Deborah Appleman's book Critical Encounters in High School English: Teaching Literary Theory to Adolescents is about just that--teaching theory to high schoolers and why it's important. She also explains what each theory is (for those of us who feel like we might be on slippery ground as to how to define things like "deconstructionalism") and how to teach it (including some activities I'm going to attempt to incorporate into my own classroom).

One of the ways that she generally opens her lesson is to pass around her specialized sunglasses--RayBans that have special lenses to see greens and reds more clearly. Students can look through these and see a classmate's sweater brighten. (Any kind of visual representation is good for helping students' understanding, it seems.) She may name it as literary theory, but she refers to this study as "critical lenses" on a regular basis. Somehow, if you change the wording, it becomes a little easier.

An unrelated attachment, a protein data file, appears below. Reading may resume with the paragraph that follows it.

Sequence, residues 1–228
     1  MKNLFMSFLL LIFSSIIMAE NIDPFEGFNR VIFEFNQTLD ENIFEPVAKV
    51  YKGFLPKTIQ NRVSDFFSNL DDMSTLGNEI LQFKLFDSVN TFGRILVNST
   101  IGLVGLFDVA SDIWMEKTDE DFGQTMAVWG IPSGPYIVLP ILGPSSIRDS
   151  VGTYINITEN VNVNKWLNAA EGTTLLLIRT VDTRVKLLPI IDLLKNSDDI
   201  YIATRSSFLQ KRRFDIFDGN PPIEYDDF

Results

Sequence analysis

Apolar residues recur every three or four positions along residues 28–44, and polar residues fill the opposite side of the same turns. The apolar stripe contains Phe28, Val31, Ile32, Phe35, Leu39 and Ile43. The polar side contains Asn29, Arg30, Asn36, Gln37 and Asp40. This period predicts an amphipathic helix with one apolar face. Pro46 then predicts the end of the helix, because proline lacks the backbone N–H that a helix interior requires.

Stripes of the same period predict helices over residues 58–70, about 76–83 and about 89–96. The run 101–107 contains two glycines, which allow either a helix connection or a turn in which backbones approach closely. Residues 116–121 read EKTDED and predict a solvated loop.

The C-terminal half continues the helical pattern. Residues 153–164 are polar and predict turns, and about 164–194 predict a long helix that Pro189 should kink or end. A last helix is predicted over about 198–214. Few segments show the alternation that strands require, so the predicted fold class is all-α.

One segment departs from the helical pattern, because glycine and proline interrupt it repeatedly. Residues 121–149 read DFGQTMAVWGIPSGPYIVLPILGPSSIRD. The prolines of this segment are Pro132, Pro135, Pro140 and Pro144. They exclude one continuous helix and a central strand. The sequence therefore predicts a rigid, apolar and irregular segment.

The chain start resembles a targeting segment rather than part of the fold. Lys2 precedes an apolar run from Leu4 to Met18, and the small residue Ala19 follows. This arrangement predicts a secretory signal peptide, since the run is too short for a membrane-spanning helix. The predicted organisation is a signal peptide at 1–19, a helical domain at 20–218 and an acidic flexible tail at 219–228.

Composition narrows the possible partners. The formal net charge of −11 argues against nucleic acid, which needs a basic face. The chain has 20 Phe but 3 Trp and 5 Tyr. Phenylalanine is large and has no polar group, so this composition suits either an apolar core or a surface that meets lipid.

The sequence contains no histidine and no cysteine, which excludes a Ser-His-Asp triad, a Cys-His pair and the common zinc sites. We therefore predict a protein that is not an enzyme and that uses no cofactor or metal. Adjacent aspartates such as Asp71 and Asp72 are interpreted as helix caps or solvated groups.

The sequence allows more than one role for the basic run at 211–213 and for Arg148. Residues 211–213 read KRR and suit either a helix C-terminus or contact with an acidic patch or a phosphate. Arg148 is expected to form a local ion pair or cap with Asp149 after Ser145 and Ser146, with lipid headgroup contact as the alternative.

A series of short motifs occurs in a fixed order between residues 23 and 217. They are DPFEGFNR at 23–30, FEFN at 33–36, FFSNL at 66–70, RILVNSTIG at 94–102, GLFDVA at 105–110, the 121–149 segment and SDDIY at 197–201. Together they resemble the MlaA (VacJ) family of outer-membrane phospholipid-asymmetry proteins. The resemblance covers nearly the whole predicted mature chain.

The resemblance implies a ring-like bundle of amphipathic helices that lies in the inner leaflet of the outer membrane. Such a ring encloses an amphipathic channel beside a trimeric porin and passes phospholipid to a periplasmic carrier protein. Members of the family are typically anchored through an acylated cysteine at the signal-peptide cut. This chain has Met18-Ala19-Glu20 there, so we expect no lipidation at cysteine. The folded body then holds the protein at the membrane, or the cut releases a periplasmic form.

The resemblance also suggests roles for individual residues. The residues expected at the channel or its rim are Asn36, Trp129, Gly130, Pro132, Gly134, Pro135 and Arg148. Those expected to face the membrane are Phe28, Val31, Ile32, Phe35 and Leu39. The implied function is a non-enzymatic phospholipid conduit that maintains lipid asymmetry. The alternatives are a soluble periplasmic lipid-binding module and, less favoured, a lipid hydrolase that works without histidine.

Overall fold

The important part is to help students step outside of their own boxes and view a text from a different perspective.

The first theory, a messy one indeed, is the reader-response theory. It seems to be the one that drives a lot of classrooms. When we once emphasized New Criticism (and this seems to still be prevalent--when I wrote a paper on the Wife of Bath, the TA clearly did not want me to mention Chaucer's name--he told me that we couldn't make any assumptions about the author or the time period in which the text was written--blar), we now have students write about their feelings and how they might identify with the text.

Her activity is a good one, and I will probably try it out on my sophomores. (I'm actually thinking about this as a second day activity--the first day would be my audience activity, which I will put up on the web shortly.) She has them read the Plath poem "Mushrooms," only she leaves off the title, which makes it an entirely different reading:

Overnight, very
Whitely, discreetly,
Very quietly

Our toes, our noses
Take hold on the loam,
Acquire the air.

Nobody sees us,
Stops us, betrays us;
The small grains make room.

Soft fists insist on